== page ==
Posted Thursday May 02, 2019 by ffvfadmin



Retired Maj. Gen. James E. Livingston (third from right) joins fellow recipients (from left) Col. Walter “Joe” Marm (Army, Vietnam), Francis S. Currey (Army, World War II), Col. George “Bud” Day (Air Force, Vietnam), Harold Fritz (Army, Vietnam), and Leo Thorsness (Air Force, Vietnam) for Heroes Day at Freedoms Foundation in 2012. The event was sponsored by the Friends of the Medal of Honor Grove.

 

On This Day in Medal of Honor History

James E. Livingston (Marines, Vietnam)

 

During 2019, Freedoms Foundation and the Friends of the Medal of Honor Grove are paying tribute to the living recipients of the Medal of Honor on the anniversary of the actions for which they earned the nation’s highest award for valor. The series continues with a look at May 2, 1968, and the Battle of Dai Do in South Vietnam, where Marine Capt. James E. Livingston led Echo Company against a numerically superior North Vietnamese force.

James E. Livingston’s Medal of Honor citation reads:

“For conspicuous gallantry and intrepidity at the risk of his life above and beyond the call of duty while serving as Commanding Officer, Company E, in action against enemy forces.

“Company E launched a determined assault on the heavily fortified village of Dai Do, which had been seized by the enemy on the preceding evening isolating a Marine company from the remainder of the battalion.

James Livingston is honored in two areas of the Medal of Honor Grove: Alabama (shown here) and Georgia.

“Skillfully employing screening agents, Capt. Livingston maneuvered his men to assault positions across 500 meters of dangerous open rice paddy while under intense enemy fire. Ignoring hostile rounds impacting near him, he fearlessly led his men in a savage assault against enemy emplacements within the village.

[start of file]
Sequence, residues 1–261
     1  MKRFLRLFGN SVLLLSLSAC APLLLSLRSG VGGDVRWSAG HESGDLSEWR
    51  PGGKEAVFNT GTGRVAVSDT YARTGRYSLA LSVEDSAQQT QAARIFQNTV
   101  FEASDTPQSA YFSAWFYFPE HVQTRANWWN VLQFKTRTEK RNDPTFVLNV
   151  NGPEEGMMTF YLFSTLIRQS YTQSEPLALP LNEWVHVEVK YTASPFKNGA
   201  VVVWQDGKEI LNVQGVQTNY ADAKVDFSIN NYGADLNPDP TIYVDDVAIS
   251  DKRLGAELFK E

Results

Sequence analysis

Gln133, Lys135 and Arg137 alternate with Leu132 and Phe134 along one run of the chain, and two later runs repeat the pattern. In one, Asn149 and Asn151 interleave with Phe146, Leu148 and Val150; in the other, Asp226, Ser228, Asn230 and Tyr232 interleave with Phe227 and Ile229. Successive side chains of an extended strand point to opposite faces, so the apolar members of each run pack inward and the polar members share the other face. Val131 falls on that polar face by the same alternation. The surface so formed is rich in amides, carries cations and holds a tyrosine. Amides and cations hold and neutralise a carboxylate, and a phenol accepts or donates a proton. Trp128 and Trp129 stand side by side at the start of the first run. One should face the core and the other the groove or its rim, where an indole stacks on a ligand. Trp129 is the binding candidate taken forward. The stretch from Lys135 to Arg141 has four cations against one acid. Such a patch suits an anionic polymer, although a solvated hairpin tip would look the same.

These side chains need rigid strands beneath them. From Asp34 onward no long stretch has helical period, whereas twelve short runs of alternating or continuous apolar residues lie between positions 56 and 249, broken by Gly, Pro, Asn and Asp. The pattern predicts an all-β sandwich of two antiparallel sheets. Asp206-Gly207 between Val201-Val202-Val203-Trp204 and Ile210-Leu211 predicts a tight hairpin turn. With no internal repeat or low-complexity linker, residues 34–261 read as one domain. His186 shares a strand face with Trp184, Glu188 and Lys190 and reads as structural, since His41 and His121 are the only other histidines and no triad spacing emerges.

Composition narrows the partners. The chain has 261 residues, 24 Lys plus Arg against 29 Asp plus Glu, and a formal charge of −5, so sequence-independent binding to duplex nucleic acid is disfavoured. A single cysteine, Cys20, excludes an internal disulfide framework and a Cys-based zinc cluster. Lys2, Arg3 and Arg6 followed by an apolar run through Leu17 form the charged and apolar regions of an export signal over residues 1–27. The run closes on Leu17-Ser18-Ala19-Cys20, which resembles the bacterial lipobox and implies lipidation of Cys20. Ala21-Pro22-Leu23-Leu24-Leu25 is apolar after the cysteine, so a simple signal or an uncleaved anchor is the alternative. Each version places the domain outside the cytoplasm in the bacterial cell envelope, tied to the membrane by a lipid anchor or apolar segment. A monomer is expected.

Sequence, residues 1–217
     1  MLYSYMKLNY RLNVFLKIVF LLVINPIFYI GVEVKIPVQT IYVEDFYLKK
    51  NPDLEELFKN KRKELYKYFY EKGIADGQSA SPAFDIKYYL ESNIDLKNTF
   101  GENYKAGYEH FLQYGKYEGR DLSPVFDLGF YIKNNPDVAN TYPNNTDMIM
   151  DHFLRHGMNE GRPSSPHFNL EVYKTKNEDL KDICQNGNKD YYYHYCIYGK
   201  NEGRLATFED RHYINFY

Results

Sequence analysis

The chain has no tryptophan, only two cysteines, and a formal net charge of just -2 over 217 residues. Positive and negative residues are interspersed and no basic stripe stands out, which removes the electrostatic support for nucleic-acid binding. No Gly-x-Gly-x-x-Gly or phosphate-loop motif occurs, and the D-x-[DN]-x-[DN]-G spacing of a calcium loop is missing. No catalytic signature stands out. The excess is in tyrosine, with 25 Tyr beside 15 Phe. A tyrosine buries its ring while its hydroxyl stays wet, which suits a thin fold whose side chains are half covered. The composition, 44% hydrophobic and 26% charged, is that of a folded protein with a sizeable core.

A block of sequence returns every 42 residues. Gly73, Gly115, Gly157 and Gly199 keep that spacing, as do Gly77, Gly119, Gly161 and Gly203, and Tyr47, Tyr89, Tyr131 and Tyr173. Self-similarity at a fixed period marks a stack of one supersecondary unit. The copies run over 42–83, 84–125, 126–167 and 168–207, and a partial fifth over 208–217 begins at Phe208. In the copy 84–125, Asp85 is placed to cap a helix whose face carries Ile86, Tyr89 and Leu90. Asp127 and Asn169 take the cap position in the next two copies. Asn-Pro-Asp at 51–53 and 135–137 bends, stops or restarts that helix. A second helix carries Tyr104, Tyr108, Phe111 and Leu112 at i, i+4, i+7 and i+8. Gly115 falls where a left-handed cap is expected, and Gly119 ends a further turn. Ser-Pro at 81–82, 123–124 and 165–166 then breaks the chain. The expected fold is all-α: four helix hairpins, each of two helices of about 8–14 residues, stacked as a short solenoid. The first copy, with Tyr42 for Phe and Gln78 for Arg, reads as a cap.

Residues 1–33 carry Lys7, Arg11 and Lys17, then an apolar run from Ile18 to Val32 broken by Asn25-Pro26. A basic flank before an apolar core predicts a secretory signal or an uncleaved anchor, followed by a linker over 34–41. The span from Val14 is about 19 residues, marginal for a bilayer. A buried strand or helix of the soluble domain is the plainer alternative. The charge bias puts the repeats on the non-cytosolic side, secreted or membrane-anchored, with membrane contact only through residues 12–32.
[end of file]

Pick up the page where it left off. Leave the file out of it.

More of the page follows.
“While adjusting supporting arms fire, Capt. Livingston moved to the points of heaviest resistance, shouting words of encouragement to his Marines, directing their fire, and spurring the dwindling momentum of the attack on repeated occasions. Although twice painfully wounded by grenade fragments, he refused medical treatment and courageously led his men in the destruction of over 100 mutually supporting bunkers, driving the remaining enemy from their positions, and relieving the pressure on the stranded Marine company.

“As the two companies consolidated positions and evacuated casualties, a third company passed through the friendly lines launching an assault on the adjacent village of Dinh To, only to be halted by a furious counterattack of an enemy battalion. Swiftly assessing the situation and disregarding the heavy volume of enemy fire, Capt. Livingston boldly maneuvered the remaining effective men of his company forward, joined forces with the heavily engaged Marines, and halted the enemy’s counterattack.

“Wounded a third time and unable to walk, he steadfastly remained in the dangerously exposed area, deploying his men to more tenable positions and supervising the evacuation of casualties. Only when assured of the safety of his men did he allow himself to be evacuated.

James Livingston talks with teachers at Freedoms Foundation.

“Capt. Livingston’s gallant actions uphold the highest traditions of the Marine Corps and the U.S. Naval Service.”

“Livingston was awarded the Medal of Honor on May 14, 1970, by President Richard Nixon,” Peter Collier writes in Medal of Honor: Portraits of Valor Beyond the Call of Duty. “He retired from the Marine Corps as a major general in 1995. After retirement, he served as chairman of the board of the National D-Day Museum.”

Maj. Gen. Livingston has also been a frequent visitor to the Medal of Honor Grove, inspiring volunteers and supporters to visit and enhance the 42-acre site, and Freedoms Foundation, where he participates in graduate programs for teachers.

 

 

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